Functional blog
10 Dec 2017

Gene therapy to cure Huntington’s Disease

I am a firm believer of Genes are not our Destiny, yet I still battle with this concept every day in my NHS role with my conventional colleagues. When I hear the headlines of a new ground-breaking therapy that has been trialed and shown to slow down Huntington’s disease…. I am very excited to say the least! This is genetic therapy, modifying our genes and our destiny.

Huntington’s is an incurable degenerative disease caused by a single gene defect that is passed down through families. It damages certain nerve cells in the brain. It is a slowly progressive condition that causes uncontrolled movements (chorea), emotional problems, and cognitive impairment, leading to dementia and early death in most people who develop the condition.

What are genes?

Each cell of the body contains strands of DNA which are made up of chromosomes. Chromosomes are made up of genes. Genes encode proteins, usually enzymes, which are responsible for accelerating chemical reactions in the body, for example an inactive molecule to an active molecule. Therefore when a gene is faulty the protein/enzyme that it encodes is also faulty as a result and the specific chemical reaction does not take place as it should within the cell. Occasionally faulty genes encode faulty proteins that act in a way to damage the cells in the body. The faulty protein in Huntington’s disease is called ‘huntingtin’ which which divides into toxic fragments than can bind to and impede neurons (brain cells). This leads to damage and death of some of the neurons in particular parts of your brain called the basal ganglia and the cortex. It is this damage that leads to the symptoms of Huntington’s disease.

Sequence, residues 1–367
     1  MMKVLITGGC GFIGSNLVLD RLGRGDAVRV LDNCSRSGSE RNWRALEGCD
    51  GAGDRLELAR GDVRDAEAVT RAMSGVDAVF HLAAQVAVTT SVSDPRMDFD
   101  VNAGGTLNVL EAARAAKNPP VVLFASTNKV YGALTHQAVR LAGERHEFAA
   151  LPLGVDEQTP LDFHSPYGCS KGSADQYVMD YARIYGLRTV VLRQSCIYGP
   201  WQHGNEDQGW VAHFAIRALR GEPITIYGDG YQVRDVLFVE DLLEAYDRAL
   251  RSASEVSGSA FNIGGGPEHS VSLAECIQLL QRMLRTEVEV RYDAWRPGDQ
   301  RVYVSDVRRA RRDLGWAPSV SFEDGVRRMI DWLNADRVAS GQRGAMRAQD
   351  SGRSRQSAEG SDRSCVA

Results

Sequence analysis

The Breakthrough:

The new trial showed a groundbreaking genetic treatment appears to slow down the illness. The

Ionis-HTTRx is a drug therapy which aims to block production of the faulty huntingtin protein in patients. Composed of a small portion of man-made genetic material called microRNA enters a cell and binds to the messenger molecule carrying the genetic information necessary to produce hunting, marking it for degradation. In effect, it silences the defective huntingtin gene to treat the disease.

This trial was small and composed of only 46 people, but showed very promising results. It shows delivering therapeutic agents of this type is feasible and well tolerated and the treatment has done what it said it would- namely drop the relevant protein (Huntingtin) levels in the CSF (brain fluid).

The Future:

Several pharmaceutical companies are already working to develop gene therapy for people with hemophilia B, atherosclerosis, (heart disease and stroke) venous thromboembolism and the list continues. What a break-through!

The Functional Medicine approach:

This trial confirms what we already know, that we have the ability to silence/activate our genes. The MTHFR and COMT genes are examples of the methylation proteins that are encoded by these genes. When these are faulty, we aim to ‘bypass’ or ‘activate’ them by using food supplement and minerals. Similarly, a less efficient VDR (Vitamin D Receptor) gene means that we can increase our Vitamin D intake to bypass the less effective Vitamin D receptors.

In Functional Medicine, the silencing or activating of our genes is called epigenetics. We do this through environmental and dietary changes.

Epigenetics continues to be researched thoroughly.

http://www.ucl.ac.uk/ion/articles/news/20151019